Supervision of live webcasts needed to curb charity cheats

Updated 2016-11-22 12:38:39 China Daily
A girl from Chengdu of Southwest China's Sichuan province, talks with a doctor about her cosmetic surgery at a local hospital, Aug 24, 2016. Her friend live broadcasts her cosmetic surgery on the Internet using a cell phone at the hospital.

A girl from Chengdu of Southwest China's Sichuan province, talks with a doctor about her cosmetic surgery at a local hospital, Aug 24, 2016. Her friend live broadcasts her cosmetic surgery on the Internet using a cell phone at the hospital.

Kuaishou,a live broadcast app, recently announced it was permanently deleting 21 registered accounts, as the owners were involved in a charity fraud in which they broadcast videos of themselves giving money to poor people, but after the filming took the money back. Their fraudulent deeds deserve legal punishments, not only the deletion of their Kuaishou accounts, says Southern Metropolis Daily:

Those making money in this way first make themselves known for charitable donations to attract followers, then they solicit commercial advertisements or donations from their followers.

Currently, the account owners only get their accounts deleted, but they should be investigated to see if they have broken the law. The money made in this way is, doubtlessly, illegal, because the Charity Law unambiguously prohibits any cheating in the name of charity.

Charity fraud arouses the mistrust not only of donors, but also of the recipients. To quote one villager who was cheated in this way: "We do not dare to trust anybody from the outside anymore."

The live broadcast platforms have also been harmed by the cheats. Increasingly more people can make live broadcasts on their smartphones, and the industry has grown quickly. However, its success has also attracted fraudsters, who are damaging the whole industry.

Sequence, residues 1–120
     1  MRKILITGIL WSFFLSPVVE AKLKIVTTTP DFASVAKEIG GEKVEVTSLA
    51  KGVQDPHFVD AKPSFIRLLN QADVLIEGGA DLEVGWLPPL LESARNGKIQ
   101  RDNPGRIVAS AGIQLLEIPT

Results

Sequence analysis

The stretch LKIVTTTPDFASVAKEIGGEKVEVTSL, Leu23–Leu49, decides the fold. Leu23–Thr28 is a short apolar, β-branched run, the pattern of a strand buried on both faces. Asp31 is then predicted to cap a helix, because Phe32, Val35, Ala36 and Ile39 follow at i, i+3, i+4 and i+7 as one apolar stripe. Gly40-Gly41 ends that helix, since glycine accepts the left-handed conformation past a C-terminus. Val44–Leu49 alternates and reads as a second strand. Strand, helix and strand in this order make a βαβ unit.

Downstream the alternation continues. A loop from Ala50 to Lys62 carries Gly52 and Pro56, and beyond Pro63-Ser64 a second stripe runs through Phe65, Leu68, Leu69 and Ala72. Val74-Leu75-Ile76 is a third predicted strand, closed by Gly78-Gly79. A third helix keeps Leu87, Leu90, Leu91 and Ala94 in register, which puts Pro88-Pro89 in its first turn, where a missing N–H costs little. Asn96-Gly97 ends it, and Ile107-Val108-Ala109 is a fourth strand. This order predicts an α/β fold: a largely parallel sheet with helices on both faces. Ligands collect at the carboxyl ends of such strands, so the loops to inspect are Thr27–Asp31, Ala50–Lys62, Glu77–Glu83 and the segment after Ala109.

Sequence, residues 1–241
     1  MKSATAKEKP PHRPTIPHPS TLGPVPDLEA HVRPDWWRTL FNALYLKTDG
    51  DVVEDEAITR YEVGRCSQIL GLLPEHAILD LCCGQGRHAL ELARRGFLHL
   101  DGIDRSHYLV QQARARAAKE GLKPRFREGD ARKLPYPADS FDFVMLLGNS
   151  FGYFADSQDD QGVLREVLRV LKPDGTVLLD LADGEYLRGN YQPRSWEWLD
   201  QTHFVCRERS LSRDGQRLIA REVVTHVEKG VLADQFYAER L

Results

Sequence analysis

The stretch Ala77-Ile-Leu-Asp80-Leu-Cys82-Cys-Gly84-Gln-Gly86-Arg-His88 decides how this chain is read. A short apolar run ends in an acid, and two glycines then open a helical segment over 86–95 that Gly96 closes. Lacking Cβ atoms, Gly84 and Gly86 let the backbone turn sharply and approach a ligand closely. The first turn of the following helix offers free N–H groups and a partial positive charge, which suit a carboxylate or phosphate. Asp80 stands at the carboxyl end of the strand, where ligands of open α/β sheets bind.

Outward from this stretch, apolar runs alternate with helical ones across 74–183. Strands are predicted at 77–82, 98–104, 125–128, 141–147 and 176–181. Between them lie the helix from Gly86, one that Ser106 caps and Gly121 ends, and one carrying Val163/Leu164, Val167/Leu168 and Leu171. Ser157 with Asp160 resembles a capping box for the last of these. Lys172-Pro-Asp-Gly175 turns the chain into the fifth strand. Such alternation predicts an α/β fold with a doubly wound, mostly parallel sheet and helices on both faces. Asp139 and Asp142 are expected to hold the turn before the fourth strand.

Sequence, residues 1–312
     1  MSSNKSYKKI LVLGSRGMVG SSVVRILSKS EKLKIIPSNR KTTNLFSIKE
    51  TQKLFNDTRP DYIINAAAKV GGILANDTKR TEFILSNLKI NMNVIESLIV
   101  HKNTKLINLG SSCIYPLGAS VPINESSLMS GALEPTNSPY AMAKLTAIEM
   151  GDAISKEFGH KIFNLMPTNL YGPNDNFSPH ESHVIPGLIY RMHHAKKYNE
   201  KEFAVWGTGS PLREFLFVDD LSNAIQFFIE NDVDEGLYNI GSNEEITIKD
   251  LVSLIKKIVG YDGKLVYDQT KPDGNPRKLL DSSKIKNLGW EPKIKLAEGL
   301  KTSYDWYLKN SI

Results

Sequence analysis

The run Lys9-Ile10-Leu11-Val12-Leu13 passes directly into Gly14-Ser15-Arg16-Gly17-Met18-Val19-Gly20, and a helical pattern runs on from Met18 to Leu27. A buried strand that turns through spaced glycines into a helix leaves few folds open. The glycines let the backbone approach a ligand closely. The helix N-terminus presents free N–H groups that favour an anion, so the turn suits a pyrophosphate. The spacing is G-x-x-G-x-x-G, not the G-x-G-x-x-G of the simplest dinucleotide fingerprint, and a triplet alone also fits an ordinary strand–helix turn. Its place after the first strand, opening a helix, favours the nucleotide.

That's why Kuaishou has permanently deleted the accounts of these users. But the live broadcast platforms and the judiciary should work together to strengthen regulation and supervision so as to prevent the live broadcasts being a means for fraud.

The provisions of the Charity Law state that charitable acts should respect the personal dignity of the beneficiaries. However, those who gave the money to the villagers under false pretenses did not respect their dignity. Reportedly the video team went as far as putting dirt on the faces of some of the poor children to make them look more pitiful, in order to push the audience to send more money.

Technology has no doubt improved people's lives in many ways, but as the webcasts show it can also be used in ways that undermine the values of society. The biggest sin in this case is the destruction of the social environment for charitable giving. Allowing such a sin to spread will damage the trust of people who want to offer help to those in need.

To curb such online frauds and other illegal content, a law regulating the fast-growing live-streaming industry in China is due to come into effect on Dec 1, the Chinese Cyberspace Administration announced on its website on Friday.

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